And truth is after 12 years as beat newspaper reporter, three years as a congressional press secretary, and working in my own publishing business another seven years, it made sense that writing a book would be easy. It’s just a long story, after all. Fifty thousand words or so instead of a few hundred.
That is SO not true.
Completing Pilgrim Strong during the last 18 months has been just as much a test of endurance and humility as walking 500 miles across the Way of St. James itself, the background experience on which the memoir is penned. Some moments were amazing. Other times, walking away altogether came to mind.
There are many books available about the Camino de Santiago experience. In some regards we’re not plowing new ground here and it’s everyone’s right to publish a book. But I wanted to write a good book, different from most others, and one that would occasionally make the reader think about his or her own life and their place in the world. Maybe we’ll achieve that. We’ll know soon enough.
A few updates on where everything stands. Every writer makes a decision early on to publish in a traditional sense (with an agent and a publishing company or some combination thereof), or to self publish. I explored both options in depth. Ultimately, I decided to self publish Pilgrim Strong because I knew marketing the book and managing the publishing process would be enjoyable. Plus, it would all be a great learning experience. Plus, I’m impatient.
- About the publishing process: That means realizing the goal of book in hand, and more importantly book for sale in late October, requires managing deadlines among four people – me, an editor, cover designer, and interior layout designer. If you start at the end and work backwards, get an understanding of what everyone needs and how much time, build in several weeks for frustrating screw ups, you can actually pull it off. We are knee-deep in deadlines for everyone now, and all parties are actively working.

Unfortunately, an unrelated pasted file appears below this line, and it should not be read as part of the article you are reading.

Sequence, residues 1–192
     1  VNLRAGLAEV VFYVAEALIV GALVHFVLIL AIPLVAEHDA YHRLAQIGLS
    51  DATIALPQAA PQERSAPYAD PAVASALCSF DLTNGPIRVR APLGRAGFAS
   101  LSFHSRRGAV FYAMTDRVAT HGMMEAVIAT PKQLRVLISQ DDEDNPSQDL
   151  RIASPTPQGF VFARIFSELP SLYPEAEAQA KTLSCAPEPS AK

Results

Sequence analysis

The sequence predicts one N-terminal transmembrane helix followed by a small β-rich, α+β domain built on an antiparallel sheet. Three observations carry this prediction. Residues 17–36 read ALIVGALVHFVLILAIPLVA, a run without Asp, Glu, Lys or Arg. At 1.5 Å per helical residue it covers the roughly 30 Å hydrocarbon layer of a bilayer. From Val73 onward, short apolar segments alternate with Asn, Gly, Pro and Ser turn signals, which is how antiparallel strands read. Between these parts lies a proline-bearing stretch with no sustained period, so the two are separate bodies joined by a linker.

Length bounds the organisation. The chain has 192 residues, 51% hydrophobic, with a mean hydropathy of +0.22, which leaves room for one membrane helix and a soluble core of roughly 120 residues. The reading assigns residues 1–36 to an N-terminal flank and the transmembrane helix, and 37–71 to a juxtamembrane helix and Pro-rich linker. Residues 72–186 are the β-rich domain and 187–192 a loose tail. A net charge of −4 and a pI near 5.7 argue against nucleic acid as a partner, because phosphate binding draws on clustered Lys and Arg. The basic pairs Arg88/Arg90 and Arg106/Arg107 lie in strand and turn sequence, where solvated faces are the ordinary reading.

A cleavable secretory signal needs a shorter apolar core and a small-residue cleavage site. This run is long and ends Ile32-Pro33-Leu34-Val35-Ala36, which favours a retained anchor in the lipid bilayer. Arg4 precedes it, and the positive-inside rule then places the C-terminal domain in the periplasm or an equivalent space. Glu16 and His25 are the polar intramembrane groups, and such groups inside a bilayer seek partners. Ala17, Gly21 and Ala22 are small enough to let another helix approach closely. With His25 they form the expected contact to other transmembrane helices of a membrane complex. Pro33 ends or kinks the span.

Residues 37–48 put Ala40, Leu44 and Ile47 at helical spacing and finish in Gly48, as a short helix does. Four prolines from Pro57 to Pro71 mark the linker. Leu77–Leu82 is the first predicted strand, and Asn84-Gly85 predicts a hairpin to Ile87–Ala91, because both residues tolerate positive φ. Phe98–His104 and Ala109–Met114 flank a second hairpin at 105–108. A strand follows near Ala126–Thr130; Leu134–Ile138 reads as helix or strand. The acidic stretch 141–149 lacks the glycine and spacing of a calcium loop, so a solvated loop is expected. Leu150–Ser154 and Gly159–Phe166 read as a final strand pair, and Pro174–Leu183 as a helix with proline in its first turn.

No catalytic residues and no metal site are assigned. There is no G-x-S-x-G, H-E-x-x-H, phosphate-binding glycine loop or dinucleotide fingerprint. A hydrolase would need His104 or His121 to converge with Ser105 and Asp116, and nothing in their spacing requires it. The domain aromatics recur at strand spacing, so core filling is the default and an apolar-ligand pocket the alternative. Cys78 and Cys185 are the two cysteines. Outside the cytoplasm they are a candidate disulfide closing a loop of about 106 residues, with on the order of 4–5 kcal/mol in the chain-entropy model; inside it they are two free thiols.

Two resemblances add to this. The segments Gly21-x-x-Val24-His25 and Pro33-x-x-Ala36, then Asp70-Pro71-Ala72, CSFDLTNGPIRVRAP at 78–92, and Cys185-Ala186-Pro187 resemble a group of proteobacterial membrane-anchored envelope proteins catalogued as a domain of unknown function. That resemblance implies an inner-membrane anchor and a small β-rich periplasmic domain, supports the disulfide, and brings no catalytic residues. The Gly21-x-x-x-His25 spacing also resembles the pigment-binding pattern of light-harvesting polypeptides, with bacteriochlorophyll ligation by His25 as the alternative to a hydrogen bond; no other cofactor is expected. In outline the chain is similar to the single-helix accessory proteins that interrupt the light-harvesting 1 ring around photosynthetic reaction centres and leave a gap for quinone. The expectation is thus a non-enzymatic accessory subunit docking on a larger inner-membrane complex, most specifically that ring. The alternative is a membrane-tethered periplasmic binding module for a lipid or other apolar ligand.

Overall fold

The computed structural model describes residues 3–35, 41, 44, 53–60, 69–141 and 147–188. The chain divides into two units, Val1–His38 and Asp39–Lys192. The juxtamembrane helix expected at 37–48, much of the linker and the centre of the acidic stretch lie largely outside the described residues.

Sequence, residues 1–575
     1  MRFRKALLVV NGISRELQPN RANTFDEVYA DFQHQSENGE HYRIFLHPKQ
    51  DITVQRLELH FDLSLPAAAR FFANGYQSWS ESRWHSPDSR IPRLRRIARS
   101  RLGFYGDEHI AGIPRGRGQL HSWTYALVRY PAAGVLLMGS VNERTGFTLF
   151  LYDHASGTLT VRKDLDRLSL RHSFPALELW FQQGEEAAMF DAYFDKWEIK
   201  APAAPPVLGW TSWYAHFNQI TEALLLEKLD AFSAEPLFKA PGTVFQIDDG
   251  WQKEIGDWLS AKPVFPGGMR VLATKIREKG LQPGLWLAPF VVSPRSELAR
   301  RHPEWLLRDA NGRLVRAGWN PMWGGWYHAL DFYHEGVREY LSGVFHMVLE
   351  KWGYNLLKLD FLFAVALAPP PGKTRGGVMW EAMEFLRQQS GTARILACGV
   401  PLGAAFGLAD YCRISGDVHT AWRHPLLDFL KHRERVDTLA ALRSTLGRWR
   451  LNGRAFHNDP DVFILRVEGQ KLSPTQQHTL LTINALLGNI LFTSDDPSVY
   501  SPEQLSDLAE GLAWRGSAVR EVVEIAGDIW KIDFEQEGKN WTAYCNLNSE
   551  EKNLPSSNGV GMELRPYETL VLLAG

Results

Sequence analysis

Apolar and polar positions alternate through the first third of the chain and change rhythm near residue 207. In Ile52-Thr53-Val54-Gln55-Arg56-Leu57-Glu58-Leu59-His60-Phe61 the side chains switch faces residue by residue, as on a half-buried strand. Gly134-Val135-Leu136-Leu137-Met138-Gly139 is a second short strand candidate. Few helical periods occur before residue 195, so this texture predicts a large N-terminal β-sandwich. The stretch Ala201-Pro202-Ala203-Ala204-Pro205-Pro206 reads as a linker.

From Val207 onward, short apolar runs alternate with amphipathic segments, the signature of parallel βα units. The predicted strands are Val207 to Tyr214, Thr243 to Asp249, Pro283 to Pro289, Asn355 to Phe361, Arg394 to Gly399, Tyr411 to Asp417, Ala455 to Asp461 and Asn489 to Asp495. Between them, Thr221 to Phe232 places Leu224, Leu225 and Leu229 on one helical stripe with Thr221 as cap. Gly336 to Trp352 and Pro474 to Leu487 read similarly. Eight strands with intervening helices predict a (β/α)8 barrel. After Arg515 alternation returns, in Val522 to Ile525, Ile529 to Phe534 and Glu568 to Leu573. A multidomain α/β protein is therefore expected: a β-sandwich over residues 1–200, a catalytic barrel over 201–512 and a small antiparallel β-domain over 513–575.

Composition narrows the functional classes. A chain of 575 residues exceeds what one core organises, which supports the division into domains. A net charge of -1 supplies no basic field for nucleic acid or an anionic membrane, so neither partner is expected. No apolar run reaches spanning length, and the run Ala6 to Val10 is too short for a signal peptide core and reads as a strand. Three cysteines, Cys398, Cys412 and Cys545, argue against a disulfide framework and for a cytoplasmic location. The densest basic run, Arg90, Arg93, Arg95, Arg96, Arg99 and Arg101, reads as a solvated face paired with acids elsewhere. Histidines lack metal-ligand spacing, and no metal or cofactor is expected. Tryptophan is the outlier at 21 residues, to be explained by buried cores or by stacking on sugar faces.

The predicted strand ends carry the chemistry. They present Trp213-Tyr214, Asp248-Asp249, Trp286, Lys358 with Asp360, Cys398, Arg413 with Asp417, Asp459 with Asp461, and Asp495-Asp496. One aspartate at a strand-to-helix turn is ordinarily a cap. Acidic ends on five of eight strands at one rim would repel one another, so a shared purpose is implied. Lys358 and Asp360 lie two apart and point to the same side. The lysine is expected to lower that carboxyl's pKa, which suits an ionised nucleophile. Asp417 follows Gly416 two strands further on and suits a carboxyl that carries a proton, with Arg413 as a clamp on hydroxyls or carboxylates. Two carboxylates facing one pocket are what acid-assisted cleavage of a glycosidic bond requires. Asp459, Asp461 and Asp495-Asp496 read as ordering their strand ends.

- That includes me and it might surprise you to know at this point the copy is not 100 percent complete. The “takeaway” for the reader suggested in the final chapter and epilogue is important and I wanted to take an extra long time thinking it through. It’s in my head, and in rough notes on paper soon complete. There are several “takeaway” themes in the end including: understanding our need to join something bigger than ourselves, drilling down to our core and having peace when we find it, understanding the nature of becoming a self-fulfilling prophecy, and the joy and adventure we find when we take the initiative to go looking for our great identity. I told you this isn’t the typical camino book.
- In the midst of production, the marketing campaign is under way. Truth is, the marketing began a long time ago, even before I made the first step on pilgrimage. It just worked out that way. People who know me know how much I love marketing, and truth is my greatest fear is the marketing strategies will surpass the actual book quality. It’s a fear that nags me every day.
- It’s been a privilege to work with, and receive support from respected professionals in the publishing industry, and in the “pilgrim community.” Pilgrim Strong has testimonial endorsements from Patrick Gray and Justin
Skeesuck, authors of the just-released I’ll Push You; Andrew Suzuki, documentary producer of Beyond the Way and Don’t Stop Walking; Paul Stutzman, author of Hiking Through; Kurt Koontz, author of A Million Steps; and David and Anna Dintaman Landis, co-authors of A Village to Village Guide to Hiking the Camino de Santiago.
- It was a great thrill that my friend Annie O’Neil agreed to write the foreword. Annie is an author and documentary film maker. She directed and produced Phil’s Camino and co-produced Walking the Camino: Six Ways to Santiago. Her book is Everyday Camino with Annie.